Re: [TLS] MITM Attacks on Client Authentication after Resumption

Karthikeyan Bhargavan <karthikeyan.bhargavan@inria.fr> Mon, 03 March 2014 16:47 UTC

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From: Karthikeyan Bhargavan <karthikeyan.bhargavan@inria.fr>
In-Reply-To: <CF3A5B04.184EE%kenny.paterson@rhul.ac.uk>
Date: Mon, 3 Mar 2014 16:46:51 +0000
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To: "Paterson, Kenny" <Kenny.Paterson@rhul.ac.uk>
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Subject: Re: [TLS] MITM Attacks on Client Authentication after Resumption
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> Rather, an application running at C might end up using TLS-protected data
> that was supplied by M in step 2 of the attack as if it came from S (or
> vice-versa). This is a comparable attack to the original renegotiation
> attack of Ray&Dispensa and Rex.

Yes, indeed, the impact of our renegotiation attack is comparable to the 2009 renegotiation attacks.
In fact, the setup of our attack is closer to Rex’s version than Ray’s version:
http://www.ietf.org/mail-archive/web/tls/current/msg03928.html

> as far as I can see - for the 3rd step of the attack, it
> seems that M just passes messages backwards and forwards and ends up NOT
> knowing the keys shared by C and S. Any authentication protocol is
> vulnerable to a "message passing" attack of this type in which the
> adversary simply acts as a wire, and it's not considered an attack on such
> protocols.

I would note that the renegotiation handshake we are speaking about is not exactly a standalone authentication protocol. It is the second handshake on a connection, with different client or server identity than the first handshake. This leaves room for confusion: should an implementation associate the connection to the first set of principals or the second? 

> Indeed, it's correct that C *is* connected to S and S *is* connected to C
> after step 3! (not just that they "think" they are so-connected).


Kenny, you seem to suggest that only the second should be considered. Common web browsers and HTTPS libraries only consider the first. It is interesting to try and understand which is the right answer here.

-Karthik


> 
> What matters here is how a server application running at S interprets data
> that may have been sent under TLS protection in the first 2 steps in the
> attack: it may assume it came from C when in fact it came from M.
> 
> The more accurate description from Karthik's text is this:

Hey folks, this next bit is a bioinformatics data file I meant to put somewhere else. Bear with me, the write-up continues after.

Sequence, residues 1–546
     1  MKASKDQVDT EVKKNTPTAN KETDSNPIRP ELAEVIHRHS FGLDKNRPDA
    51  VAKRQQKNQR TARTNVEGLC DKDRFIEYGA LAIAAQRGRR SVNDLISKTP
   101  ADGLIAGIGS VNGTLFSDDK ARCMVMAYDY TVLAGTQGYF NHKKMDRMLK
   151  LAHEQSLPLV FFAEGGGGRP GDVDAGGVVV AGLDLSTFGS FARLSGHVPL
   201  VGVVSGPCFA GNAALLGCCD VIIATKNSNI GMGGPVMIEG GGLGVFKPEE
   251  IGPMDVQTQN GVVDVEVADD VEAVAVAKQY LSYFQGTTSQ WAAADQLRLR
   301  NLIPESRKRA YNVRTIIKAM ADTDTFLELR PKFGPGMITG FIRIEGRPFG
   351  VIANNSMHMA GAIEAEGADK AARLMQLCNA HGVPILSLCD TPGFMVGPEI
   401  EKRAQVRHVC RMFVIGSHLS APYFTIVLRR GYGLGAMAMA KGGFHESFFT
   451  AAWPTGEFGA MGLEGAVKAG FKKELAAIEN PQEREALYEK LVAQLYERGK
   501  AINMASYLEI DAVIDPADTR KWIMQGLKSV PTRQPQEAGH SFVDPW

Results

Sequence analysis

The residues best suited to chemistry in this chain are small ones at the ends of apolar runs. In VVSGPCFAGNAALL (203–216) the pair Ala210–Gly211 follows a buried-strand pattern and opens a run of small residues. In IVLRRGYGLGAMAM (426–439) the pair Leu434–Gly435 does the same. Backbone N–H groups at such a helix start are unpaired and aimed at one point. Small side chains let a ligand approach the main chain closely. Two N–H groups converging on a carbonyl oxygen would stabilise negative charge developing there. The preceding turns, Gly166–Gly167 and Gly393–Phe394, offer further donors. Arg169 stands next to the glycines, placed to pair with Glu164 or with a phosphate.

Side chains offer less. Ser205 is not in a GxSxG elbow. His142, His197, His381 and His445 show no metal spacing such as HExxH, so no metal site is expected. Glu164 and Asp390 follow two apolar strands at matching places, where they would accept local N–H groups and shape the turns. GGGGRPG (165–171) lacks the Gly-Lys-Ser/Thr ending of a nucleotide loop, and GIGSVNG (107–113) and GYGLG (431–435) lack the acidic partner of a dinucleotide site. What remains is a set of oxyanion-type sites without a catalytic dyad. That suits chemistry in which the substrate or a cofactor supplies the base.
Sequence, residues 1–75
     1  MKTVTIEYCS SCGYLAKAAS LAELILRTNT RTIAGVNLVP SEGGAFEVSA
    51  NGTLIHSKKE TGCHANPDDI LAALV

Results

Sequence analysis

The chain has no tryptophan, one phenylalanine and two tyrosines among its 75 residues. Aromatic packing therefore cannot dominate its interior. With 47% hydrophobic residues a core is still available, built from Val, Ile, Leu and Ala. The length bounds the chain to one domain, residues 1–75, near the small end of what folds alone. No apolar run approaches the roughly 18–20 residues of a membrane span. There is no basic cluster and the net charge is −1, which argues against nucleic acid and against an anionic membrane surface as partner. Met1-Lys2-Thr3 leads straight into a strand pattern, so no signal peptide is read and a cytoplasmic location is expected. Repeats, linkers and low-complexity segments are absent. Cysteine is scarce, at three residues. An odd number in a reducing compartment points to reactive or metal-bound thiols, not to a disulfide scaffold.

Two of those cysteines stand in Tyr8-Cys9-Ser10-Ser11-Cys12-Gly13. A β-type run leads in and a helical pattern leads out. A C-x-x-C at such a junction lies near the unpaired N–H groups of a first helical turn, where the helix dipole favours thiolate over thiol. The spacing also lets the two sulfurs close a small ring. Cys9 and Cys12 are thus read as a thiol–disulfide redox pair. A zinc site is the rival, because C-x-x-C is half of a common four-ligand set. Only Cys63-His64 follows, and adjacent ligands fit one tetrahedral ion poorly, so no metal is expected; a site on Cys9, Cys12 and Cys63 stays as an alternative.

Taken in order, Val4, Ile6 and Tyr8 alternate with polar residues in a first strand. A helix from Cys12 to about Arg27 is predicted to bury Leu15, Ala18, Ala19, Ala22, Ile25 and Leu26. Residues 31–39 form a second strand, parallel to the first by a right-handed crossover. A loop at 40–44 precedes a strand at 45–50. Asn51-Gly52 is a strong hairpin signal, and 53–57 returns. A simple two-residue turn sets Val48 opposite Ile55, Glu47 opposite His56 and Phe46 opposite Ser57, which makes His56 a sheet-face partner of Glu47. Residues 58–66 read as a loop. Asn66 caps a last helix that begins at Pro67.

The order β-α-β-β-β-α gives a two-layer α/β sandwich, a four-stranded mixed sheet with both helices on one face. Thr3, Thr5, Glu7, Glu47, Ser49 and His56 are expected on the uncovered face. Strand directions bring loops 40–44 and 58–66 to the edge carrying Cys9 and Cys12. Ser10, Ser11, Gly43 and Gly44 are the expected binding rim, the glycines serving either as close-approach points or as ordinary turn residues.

> 
>> Step 3. (Renegotiation C-M-S)
> 
>> ...
>> Both handshakes complete with new mutually-authenticated sessions and
>> record keys.
>> C now thinks it is connected to S and S thinks it is connected to C.
>> (M does not know the new record keys but its previous messages to S on
>> the same connection
>> may be treated as authenticated by C.)
> 
> 
> Indeed, it's correct that C *is* connected to S and S *is* connected to C
> after step 3! (not just that they "think" they are so-connected).
> 
> Cheers
> 
> Kenny
> 
> 
> On 03/03/2014 15:20, "Karthikeyan Bhargavan"
> <karthikeyan.bhargavan@inria.fr> wrote:
> 
> We are going to present some new man-in-the-middle attacks on TLS
> applications in Tuesday¹s working group meeting. These attacks were
> found as part of our research on trying to prove cryptographic
> security for a TLS implementation [1].  We presenting some of the
> materials here to kick-start some discussion and get early comments on
> our proposed countermeasure. Some people on the list already know of
> these attacks but this is the first public disclosure.
> 
> More details are at https://secure-resumption.com
> <https://secure-resumption.com/> [2]
> 
> Scenario
> ======
> Consider a client C that normally authenticates to a server S using a
> client certificate.  If C uses the same certificate to authenticate to
> a malicious server M, then we show that M can use C¹s certificate to
> authenticate its own connection to S.
> 
> The attack relies on the combination of an initial RSA or DHE
> handshake, followed by session resumption on a new connection,
> followed by a client-authenticated renegotiation. During the first two
> handshakes, C has a connection to M and M has a connection to
> S. During the third handshake, M is able to authenticate as C to S and
> as S to C.
> 
> This server-based man-in-the-middle attack should normally have been
> prevented by the Renegotiation Indication (RI) extension [3] but by
> injecting session resumption between the two full handshakes, we are
> able to bypass the renegotiation countermeasure.
> 
> Triple Handshake Attack
> ================
> I¹ll briefly summarise the attack below for an initial RSA key
> exchange.  The webpage [2] has diagrams that will be easier to follow,